How Not To Localize

Friend of mine asked if I could translate some texts for his game. I joked and asked “if could do voice acting too?” He replied that “text will do” and then he started to ponder if “it’s okay to have English voices and Finnish subtitles?”.

This made me ponder that perhaps one of the key things in localization is to remember that it’s not only about language, it’s also about the culture. For example, here in Finland many of us probably prefer watching foreign movies with English speech and Finnish subtitles. Some (non-Finnish) experts suggest that we Finns “lose” something for the experience and we should translate the language. As a Finnish guy, I strongly disagree and here’s one example.

I have seen one Finnish spoken episode of Bold & Beautiful. It was the most hilarious comedy I’ve ever experienced in television. I laughed out loud for the whole episode. It was pure comedy. It’s simply because it simply sounded odd. It’s better to have good English actors than replace them with cheap Finnish ones. English speech is okay (since most of us understand some English anyway) with Finnish subtitles. That way we actually experience the feelings of the original actors, but also get translated about the key ideas what was said.

So… I think localization that doesn’t take into account the culture has a greater risk of failing than localization that understands the cultural aspects.

It can be easier and cheaper too (just think of what it costs to create a whole new voice acting compared to adding subtitles only, and we Finns probably like it more that way too. At least most of us who understand English..)

8 thoughts on “How Not To Localize

  1. Ovogame

    Dubs in movies are really bad in general and you do lose a lot from the original ‘better’ acting. Also, all dubs movies sound like they took place inside an audio studio. Wait.. the voice actually was reccorded inside an audio studio, that’s why ;)

    Imagine going to watch your favorite singer live… expect that it was someone else singing… Well that’s almost the same with movies.

    JC

    Reply
  2. Jimage

    Haha, Bold and Beautiful is pretty hilarious in its native tongue, from what I’ve seen. Not that I’ve watched much of it. For me, laughing is the only way to endure a soap opera.

    In Australia, I find it’s a similar situation to what Derrick describes. People want to watch movies so they can tune out. For myself, it depends on my mood. If I’m kind of exhausted from a day’s activity, giving my mind a rest by watching an English movie is most appealing.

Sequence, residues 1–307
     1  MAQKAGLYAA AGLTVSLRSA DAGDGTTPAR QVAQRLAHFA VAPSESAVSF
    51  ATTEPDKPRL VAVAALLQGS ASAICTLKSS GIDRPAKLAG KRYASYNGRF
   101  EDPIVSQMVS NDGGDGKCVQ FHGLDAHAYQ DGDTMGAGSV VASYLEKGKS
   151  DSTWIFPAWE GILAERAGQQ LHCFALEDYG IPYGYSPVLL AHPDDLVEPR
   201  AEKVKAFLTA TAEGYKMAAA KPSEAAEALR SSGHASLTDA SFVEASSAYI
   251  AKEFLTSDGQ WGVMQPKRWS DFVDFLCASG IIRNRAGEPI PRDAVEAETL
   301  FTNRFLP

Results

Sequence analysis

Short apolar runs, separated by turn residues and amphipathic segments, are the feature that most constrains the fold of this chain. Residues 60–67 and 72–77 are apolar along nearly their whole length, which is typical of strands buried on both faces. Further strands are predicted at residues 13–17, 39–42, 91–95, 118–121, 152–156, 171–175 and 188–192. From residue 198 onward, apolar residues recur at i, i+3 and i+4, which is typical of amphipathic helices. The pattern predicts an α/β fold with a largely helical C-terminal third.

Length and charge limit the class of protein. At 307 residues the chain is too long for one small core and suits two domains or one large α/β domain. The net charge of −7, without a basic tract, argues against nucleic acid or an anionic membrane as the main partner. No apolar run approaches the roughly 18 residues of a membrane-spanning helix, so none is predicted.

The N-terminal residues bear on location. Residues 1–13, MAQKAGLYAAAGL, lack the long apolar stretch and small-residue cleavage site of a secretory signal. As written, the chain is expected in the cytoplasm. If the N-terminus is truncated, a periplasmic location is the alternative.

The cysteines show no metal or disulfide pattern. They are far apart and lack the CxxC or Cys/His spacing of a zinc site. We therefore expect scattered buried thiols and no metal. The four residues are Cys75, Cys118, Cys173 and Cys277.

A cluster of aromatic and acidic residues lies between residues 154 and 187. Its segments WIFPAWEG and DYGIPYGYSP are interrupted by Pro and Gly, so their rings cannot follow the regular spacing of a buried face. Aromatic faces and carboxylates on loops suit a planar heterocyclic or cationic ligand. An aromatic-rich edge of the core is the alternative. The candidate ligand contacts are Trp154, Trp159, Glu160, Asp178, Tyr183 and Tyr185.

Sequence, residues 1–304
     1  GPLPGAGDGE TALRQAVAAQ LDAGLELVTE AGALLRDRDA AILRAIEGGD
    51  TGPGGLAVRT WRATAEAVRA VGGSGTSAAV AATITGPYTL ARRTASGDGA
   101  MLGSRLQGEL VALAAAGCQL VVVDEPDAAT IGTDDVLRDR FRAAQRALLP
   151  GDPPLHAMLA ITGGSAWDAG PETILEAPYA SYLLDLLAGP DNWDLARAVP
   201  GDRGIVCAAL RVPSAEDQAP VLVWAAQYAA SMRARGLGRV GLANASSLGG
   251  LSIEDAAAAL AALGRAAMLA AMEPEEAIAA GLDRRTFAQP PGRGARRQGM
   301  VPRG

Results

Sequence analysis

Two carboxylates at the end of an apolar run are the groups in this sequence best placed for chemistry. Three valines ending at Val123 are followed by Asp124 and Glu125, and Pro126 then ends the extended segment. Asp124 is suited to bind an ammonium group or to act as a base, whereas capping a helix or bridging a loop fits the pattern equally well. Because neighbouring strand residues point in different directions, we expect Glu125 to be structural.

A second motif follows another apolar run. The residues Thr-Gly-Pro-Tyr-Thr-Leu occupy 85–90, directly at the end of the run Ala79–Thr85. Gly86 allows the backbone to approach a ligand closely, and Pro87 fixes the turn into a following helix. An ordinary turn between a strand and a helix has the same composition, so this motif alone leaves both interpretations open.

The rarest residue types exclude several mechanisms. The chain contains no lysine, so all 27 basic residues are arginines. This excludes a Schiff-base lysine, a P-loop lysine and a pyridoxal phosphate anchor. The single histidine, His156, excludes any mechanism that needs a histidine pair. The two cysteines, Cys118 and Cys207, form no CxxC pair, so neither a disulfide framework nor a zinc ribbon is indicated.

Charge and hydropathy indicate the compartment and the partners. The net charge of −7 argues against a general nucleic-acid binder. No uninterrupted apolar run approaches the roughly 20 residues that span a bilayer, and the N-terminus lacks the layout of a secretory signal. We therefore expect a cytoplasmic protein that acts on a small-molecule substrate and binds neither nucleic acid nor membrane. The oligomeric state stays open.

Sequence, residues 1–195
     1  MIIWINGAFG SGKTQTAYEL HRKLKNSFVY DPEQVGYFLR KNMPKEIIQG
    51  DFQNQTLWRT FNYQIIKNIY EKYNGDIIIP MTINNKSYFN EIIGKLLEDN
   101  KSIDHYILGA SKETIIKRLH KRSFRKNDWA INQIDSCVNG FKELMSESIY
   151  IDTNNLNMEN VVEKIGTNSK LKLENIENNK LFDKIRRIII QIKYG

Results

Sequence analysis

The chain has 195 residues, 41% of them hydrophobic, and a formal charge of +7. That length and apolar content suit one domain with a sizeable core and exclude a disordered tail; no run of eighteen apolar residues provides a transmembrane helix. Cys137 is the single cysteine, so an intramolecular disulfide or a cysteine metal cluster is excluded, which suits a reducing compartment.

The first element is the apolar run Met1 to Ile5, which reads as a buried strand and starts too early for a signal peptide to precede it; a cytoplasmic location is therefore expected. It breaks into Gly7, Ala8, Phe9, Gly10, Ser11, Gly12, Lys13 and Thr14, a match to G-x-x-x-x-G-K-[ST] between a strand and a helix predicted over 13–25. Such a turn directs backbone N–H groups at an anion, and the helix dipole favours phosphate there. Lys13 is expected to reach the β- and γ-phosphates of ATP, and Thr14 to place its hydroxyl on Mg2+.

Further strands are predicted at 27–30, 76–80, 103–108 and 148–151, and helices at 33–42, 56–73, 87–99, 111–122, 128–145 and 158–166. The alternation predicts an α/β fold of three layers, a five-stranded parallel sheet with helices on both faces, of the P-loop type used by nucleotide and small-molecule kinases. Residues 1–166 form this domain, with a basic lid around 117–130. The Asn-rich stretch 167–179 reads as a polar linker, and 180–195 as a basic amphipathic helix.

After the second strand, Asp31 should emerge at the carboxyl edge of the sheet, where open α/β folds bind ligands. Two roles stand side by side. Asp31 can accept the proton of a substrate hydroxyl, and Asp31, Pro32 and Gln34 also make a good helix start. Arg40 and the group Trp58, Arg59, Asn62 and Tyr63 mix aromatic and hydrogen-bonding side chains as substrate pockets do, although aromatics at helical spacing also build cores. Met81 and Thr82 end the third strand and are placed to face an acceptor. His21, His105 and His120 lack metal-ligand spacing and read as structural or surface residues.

But when it comes to watching foreign movies, I much prefer subtitles to dubbing. Most of the dubbed films I’ve come across and later watched in their original language with subtitles, turned out to be much better the second time round.

    Reply
  3. Derrick Barra

    From my experience living in America I can tell you that foreign films are treated kindly by the general movie-going audiences of the states, and that they would much rather watch films and tv shows with the voices dubbed instead of being subbed. I’ve seen many incredible films get snubbed and tank in America because of this, audiences here go to the movies to watch and listen passively while they let their brains take a rest so that they can veg out.

    Personally I would much rather have the situational context of a movie preserved through a good subbing rather than having actors lipsink their voices to the original work.

    Reply
  4. Giglio

    I’ve got a lot of interest in the localization process, and I have to agree that some works are very, very difficult to adapt – on the TV medium, “Family Guy” is a good example on how cultural references and wordplay will definitely go amiss on translated versions.

    Reply
  5. Toni Mäkinen

    I saw that B&B episode too. Funniest thing on earth. I can’t stand dubbing. Rarely done well, translations suck most of the time thus missing jokes, points, important story plots. Even subtitling suffers from this.

    TV-series usually go fast given the half an hour show time. And the fact that theres some rules how long subtitles should be on-screen. If lots of things happen at the same time, subtitler has to make a choise. We lose a joke there, miss something else here. I see it all the time.

    That’s a one reason I stop watching TV at all. If I want to watch certain series, I’ll go and buy the dvd’s. Because of our geographical point, the whole season probably is out already. Plus I can watch it when I want, w/o 10 minutes worth of commercials. Win-win situation =)

    That’s my 2 cents.

    Reply
  6. Robert Dowling

    I do completely agree with you, I’d prefer to watch a foreign film in it’s native tongue and concentrate on the subtitles. Unless the dialogue is rediculously fast and I find myself constantly focused on the words, missing the images completely.

    Reply

Leave a Reply

Your email address will not be published.

You may use these HTML tags and attributes: <a href="" title=""> <abbr title=""> <acronym title=""> <b> <blockquote cite=""> <cite> <code> <del datetime=""> <em> <i> <q cite=""> <strike> <strong>

Pro-Human Quiz: